From this point his power and his importance rapidly increased, chiefly owing to his control of the Tower. He also exercised great influence in Essex, where lay his chief estates and his strongholds of Pleshy and Saffron Walden. On the arrival of the Empress Maud in London (June 1141), he was won over to her side by an important charter confirming him in the earldom of Essex, creating him hereditary sheriff, justice, and escheator of Essex, and granting him estates, knights' fees, and privileges. He deserted her cause, however, on her expulsion from London, seized her adherent the bishop, and was won over by Stephen's queen to assist her in the siege of Winchester. Shortly after the liberation of the king Geoffrey obtained from him, as the price of his support, a charter (Christmas 1141) pardoning his treason, and trebling the grants made to him by the empress. He now became sheriff and justice of Hertfordshire and of London and Middlesex, as well as of Essex, thus monopolising all administration and judicial power within these three counties. Early in the following year he was despatched by Stephen against Ely to disperse the bishop's knights, a task which he accomplished with vigour. His influence was now so great that the author of the 'Gesta Stephani' describes him as surpassing all the nobles of the land in wealth and importance, acting everywhere as king, and more eagerly listened to and obeyed than the king himself. Another contemporary writer speaks of him as the foremost man in England. His ambition, however, was still unsatisfied, and he aspired by a fresh treason to play the part of king-maker. He accordingly began to intrigue with the empress, who was preparing to make a fresh effort on behalf of her cause. Meeting her at Oxford some time before the end of June (1142), he extorted from her in a new charter concessions even more extravagant than those he had wrung from Stephen. He also obtained from her at the same time a charter in favour of his brother-in-law, Aubrey de Vere (afterwards Earl of Oxford), another Essex magnate. But the ill-success of her cause was unfavourable to his scheme, and he remained, outwardly at least, in allegiance to the king. His treasonable intentions, however, could not be kept secret, and Stephen, who already dreaded his power, was warned that he would lose his crown unless he mastered the earl. It was not, however, till the following year (1143) that he decided, or felt himself strong enough, to do this. At St. Albans, probably about the end of September, Geoffrey, who was attending his court, was openly accused of treason by some of his jealous rivals, and, on treating the charge with cynical contempt, was suddenly arrested by the king after a sharp struggle. Under threat of being hanged, he was forced to surrender his castles of Pleshey and Saffron Walden, and, above all, the Tower of London, the true source of his might. He was then set free, 'to the ruin of the realm/ in the words of the ' Gesta Stephani.'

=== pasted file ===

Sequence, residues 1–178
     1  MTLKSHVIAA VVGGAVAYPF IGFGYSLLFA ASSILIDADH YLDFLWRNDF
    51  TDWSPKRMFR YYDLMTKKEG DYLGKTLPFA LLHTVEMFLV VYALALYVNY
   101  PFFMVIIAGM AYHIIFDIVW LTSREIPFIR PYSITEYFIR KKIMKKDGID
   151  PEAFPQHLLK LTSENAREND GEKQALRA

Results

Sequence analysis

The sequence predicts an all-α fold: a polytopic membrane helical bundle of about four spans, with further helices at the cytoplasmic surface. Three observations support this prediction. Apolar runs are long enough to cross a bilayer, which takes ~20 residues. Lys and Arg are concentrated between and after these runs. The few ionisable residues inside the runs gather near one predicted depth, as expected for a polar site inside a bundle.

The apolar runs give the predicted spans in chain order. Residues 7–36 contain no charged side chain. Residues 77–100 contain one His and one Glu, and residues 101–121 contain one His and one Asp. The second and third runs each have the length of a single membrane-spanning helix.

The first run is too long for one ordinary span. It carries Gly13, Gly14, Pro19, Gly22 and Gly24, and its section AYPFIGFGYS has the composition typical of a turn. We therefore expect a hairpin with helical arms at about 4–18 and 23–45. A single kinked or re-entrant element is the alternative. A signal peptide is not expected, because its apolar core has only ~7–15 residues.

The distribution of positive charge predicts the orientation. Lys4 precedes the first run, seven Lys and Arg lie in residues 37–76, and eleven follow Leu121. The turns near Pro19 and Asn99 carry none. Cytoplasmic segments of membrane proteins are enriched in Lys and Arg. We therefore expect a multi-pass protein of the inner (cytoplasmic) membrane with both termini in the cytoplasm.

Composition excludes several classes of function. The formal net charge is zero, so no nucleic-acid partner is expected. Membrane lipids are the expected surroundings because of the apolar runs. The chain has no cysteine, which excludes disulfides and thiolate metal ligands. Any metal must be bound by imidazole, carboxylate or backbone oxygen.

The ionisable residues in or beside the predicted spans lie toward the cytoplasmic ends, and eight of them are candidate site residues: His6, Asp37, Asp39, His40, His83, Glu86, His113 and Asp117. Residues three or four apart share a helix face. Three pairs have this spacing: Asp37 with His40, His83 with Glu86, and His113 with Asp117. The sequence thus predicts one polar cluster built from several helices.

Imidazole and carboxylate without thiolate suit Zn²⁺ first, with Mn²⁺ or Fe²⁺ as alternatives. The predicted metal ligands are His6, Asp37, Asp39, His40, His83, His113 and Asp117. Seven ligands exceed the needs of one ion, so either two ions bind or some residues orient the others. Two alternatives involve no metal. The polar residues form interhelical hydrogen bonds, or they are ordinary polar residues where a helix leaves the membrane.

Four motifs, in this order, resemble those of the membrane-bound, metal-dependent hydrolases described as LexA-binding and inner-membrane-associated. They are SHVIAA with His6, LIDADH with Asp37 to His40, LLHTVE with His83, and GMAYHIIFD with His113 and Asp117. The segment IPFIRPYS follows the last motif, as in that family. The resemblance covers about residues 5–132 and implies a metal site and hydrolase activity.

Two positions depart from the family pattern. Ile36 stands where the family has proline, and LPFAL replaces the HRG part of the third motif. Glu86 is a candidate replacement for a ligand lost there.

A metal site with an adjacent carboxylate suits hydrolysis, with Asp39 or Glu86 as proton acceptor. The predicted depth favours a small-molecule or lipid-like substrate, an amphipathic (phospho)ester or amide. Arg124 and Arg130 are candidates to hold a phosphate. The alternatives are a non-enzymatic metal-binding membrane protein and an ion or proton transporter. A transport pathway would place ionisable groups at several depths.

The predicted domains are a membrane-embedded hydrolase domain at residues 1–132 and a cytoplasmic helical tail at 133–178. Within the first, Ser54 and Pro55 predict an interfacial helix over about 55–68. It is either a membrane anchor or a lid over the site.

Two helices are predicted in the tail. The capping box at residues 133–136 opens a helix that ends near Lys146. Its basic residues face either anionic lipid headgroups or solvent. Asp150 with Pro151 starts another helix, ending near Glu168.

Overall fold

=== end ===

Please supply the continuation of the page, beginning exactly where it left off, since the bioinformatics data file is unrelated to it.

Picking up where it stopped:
Rushing forth from the presence of the king, 'like a vicious and riderless horse, kicking and biting' in his rage, the earl burst into revolt. With the help of his brother-in-law, William de Say, and eventually of the Earl of Norfolk, he made himself master of the fenland, the old resort of rebels. Advancing from Fordham, he secured, in the absence of Bishop Nigel, the Isle of Ely, and pushing on thence seized Ramsey Abbey, which he fortified and made his headquarters. From this strong position he raided forth with impunity, burning and sacking Cambridge and other smaller places. Stephen marched against him, but in vain, for the earl took refuge among the fens. The king, however, having fortified Burwell, which threatened Geoffrey's communications, the earl attacked the post (August 1144), and while doing so was wounded in the head. The wound proved fatal, and the earl died at Mildenhall in Suffolk about the middle of September, excommunicate for his desecration and plunder of church property. His corpse was carried by some Templars to the Old Temple in Holborn, where it remained unburied for nearly twenty years. At last, his son and namesake having made reparation for his sins, Pope Alexander pronounced his absolution (1163), and his remains were interred at the New Temple, where an effigy of him was, but erroneously, supposed to exist.

The earl, who presented a perfect type of the ambitious feudal noble, left by his wife Rohese, daughter of Aubrey de Vere (chamberlain of England), at least three sons: Ernulf (or Ernald), who shared in his revolt, and was consequently exiled and disinherited, together with his descendants; and Geoffrey (d. 1166) and William Mandeville [q. v.], who succeeded him in turn, and were both Earls of Essex.

[Geoffrey de Mandeville: a Study of the Anarchy, 1892, by the present writer.]

J. H. R.